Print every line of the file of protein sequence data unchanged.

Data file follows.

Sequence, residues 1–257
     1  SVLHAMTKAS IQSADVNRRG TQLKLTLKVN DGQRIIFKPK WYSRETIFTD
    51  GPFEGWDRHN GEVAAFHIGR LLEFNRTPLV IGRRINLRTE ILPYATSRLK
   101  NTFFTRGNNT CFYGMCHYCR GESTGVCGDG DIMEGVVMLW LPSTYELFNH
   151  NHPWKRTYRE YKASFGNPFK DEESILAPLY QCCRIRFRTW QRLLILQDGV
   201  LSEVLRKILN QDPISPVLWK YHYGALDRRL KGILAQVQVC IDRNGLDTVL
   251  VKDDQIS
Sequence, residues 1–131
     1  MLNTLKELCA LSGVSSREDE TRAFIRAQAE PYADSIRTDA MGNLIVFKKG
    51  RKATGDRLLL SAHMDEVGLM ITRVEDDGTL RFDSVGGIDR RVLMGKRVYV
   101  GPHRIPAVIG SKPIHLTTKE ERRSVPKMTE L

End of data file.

Sequence, residues 1–257
     1  SVLHAMTKAS IQSADVNRRG TQLKLTLKVN DGQRIIFKPK WYSRETIFTD
    51  GPFEGWDRHN GEVAAFHIGR LLEFNRTPLV IGRRINLRTE ILPYATSRLK
   101  NTFFTRGNNT CFYGMCHYCR GESTGVCGDG DIMEGVVMLW LPSTYELFNH
   151  NHPWKRTYRE YKASFGNPFK DEESILAPLY QCCRIRFRTW QRLLILQDGV
   201  LSEVLRKILN QDPISPVLWK YHYGALDRRL KGILAQVQVC IDRNGLDTVL
   251  VKDDQIS
Sequence, residues 1–131
     1  MLNTLKELCA LSGVSSREDE TRAFIRAQAE PYADSIRTDA MGNLIVFKKG
    51  RKATGDRLLL SAHMDEVGLM ITRVEDDGTL RFDSVGGIDR RVLMGKRVYV
   101  GPHRIPAVIG SKPIHLTTKE ERRSVPKMTE L